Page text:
Published: August 3rd 2009, Puffin
Pages: 181 pages, paperback
Series?: No, this one's a standalone
Acquired: Picked up at a Puffin Live Panel event
Summary (from Goodreads): In the beginning there was me and Mum and Dad and the twins.
And talk about happy families, we were bountiful.
But it came to pass that I started doing sins.
And lo, that when all our problems began.
My review: I was lucky enough to meet the amazing and extremely talented Morris Gleitzman last week at the Puffin Literary Panel event. A few of us bloggers got to speak to the authors before the event took place and it was brilliant - as well as being a fantastic writer, he's also a lovely man. He very kindly signed my copy of Grace so I was so excited to get home and start reading it - so many people recommended it to me I got cracking on it straight away.
Brought up within a strict religious sect, in school and church Grace has been taught not to question the rules of her religion. However, her father has always encouraged her to ask questions and learn about the world around her. When the elders of her church banish her father for 'causing a disturbance' with his questions, Grace realises that she may never see her father again.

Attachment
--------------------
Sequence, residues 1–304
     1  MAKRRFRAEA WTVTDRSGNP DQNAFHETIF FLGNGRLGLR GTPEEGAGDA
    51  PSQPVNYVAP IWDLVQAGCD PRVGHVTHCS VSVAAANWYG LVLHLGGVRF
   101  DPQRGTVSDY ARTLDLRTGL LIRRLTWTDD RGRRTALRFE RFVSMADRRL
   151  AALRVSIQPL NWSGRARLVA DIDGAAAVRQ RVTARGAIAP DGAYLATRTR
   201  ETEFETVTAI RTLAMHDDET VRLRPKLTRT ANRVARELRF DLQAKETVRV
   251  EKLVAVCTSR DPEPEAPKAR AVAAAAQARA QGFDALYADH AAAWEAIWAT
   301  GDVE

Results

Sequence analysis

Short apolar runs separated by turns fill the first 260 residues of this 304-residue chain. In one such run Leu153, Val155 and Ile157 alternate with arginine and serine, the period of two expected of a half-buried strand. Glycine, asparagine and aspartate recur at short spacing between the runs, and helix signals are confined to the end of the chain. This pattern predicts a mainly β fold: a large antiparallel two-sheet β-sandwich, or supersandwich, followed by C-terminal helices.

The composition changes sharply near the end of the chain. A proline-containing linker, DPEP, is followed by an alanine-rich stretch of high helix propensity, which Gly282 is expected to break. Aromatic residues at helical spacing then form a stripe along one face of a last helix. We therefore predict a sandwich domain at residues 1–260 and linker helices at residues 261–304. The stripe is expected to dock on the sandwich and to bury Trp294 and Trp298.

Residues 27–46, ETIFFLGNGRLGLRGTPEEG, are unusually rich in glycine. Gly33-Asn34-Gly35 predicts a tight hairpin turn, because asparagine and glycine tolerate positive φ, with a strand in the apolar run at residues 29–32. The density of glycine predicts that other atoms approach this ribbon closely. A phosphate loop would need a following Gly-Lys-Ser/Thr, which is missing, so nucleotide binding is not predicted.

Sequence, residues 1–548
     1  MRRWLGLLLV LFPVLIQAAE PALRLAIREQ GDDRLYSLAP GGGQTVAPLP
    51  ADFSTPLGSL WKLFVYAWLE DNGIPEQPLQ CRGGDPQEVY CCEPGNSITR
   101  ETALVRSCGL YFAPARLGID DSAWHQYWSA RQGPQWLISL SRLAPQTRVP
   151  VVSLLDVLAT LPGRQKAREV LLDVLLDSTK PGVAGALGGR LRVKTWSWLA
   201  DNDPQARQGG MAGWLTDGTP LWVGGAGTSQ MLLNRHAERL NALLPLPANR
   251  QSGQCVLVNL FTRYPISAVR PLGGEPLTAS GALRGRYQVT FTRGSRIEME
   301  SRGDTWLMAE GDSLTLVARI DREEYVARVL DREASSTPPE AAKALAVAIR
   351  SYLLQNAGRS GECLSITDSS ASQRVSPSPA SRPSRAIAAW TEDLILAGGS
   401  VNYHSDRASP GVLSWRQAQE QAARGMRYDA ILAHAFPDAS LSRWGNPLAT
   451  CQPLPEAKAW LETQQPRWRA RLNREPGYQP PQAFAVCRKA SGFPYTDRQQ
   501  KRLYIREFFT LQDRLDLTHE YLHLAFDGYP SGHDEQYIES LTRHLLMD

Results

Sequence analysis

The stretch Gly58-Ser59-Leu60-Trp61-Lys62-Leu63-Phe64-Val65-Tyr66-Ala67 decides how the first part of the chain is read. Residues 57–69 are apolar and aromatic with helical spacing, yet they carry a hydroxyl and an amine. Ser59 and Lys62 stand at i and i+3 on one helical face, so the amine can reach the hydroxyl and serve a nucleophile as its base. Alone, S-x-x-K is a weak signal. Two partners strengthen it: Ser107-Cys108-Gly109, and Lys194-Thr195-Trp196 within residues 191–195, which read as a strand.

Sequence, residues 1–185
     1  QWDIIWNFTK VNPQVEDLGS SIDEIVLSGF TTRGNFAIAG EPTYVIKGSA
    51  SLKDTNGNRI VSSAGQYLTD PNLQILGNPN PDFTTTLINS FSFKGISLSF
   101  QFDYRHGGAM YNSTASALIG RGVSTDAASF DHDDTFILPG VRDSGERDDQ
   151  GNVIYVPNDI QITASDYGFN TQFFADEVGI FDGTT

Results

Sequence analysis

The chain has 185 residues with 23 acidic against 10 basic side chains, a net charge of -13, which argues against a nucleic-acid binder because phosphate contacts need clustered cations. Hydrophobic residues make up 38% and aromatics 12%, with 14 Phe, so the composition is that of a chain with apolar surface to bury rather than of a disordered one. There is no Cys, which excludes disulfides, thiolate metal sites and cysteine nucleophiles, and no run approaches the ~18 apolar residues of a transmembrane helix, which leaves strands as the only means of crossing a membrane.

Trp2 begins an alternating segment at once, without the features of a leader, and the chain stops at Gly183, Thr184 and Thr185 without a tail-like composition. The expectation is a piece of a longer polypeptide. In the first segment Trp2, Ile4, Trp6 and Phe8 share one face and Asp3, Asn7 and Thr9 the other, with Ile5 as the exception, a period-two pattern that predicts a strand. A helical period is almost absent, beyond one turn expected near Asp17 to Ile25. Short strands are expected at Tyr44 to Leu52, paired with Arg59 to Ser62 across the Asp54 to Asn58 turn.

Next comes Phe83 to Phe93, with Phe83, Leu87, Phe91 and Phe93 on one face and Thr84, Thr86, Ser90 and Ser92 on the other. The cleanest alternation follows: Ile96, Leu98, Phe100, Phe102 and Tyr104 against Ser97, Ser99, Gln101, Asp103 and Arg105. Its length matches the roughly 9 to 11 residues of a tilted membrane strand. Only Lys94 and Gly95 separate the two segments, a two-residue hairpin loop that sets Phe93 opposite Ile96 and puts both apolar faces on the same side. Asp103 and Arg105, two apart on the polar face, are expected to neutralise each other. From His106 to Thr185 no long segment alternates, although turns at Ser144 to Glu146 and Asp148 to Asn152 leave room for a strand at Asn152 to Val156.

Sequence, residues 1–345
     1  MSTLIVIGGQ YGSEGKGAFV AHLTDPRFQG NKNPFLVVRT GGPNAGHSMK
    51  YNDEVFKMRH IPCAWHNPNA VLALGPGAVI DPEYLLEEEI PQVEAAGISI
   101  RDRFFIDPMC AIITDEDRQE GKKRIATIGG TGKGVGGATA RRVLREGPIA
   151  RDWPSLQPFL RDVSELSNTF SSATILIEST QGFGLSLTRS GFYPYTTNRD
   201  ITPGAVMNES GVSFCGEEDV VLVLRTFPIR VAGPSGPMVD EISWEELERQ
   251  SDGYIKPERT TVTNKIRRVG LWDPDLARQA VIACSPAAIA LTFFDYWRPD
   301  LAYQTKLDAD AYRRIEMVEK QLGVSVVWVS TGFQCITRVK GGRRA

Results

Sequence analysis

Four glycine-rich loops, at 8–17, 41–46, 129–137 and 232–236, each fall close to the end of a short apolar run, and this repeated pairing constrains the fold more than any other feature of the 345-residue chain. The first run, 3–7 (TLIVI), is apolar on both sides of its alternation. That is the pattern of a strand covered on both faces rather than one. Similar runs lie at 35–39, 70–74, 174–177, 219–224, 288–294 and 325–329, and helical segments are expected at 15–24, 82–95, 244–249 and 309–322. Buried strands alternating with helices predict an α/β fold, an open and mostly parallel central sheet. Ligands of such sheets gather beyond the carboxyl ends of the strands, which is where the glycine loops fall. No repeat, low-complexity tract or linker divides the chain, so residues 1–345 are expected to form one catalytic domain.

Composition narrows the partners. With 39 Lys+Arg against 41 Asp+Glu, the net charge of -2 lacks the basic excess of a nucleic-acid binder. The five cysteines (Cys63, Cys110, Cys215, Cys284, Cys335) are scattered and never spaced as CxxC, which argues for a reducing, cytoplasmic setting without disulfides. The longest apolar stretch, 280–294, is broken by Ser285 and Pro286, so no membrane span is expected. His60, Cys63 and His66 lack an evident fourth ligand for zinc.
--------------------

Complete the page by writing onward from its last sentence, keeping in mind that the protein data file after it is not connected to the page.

Grace is such a wonderful and important book. It gripped me from page one and I genuinely cared about our little heroine, Grace, and what happened to her and her family. Each of the characters is brilliantly human and every voice unique. Nannie was one of my favourites and, of course, Mr Denny and Kyle - who offer Grace kindness when she needs it most.
One of the things I loved about Grace is that she never questions her faith - it is her faith that keeps her strong throughout the ordeal she goes through. Religion is not something that is criticised or discouraged and I think the way Gleitzman handled the trickier issues in the book is admirable.
I would absolutely recommend Grace to anybody who has ever felt as though they don't belong, to anybody who has ever questioned right and wrong and to anybody who has ever had the courage to stand up for what they believe in. Pure magic.
First line: 'In the beginning there was me and Mum and Dad and the twins.'
Total: 16/20 (B+)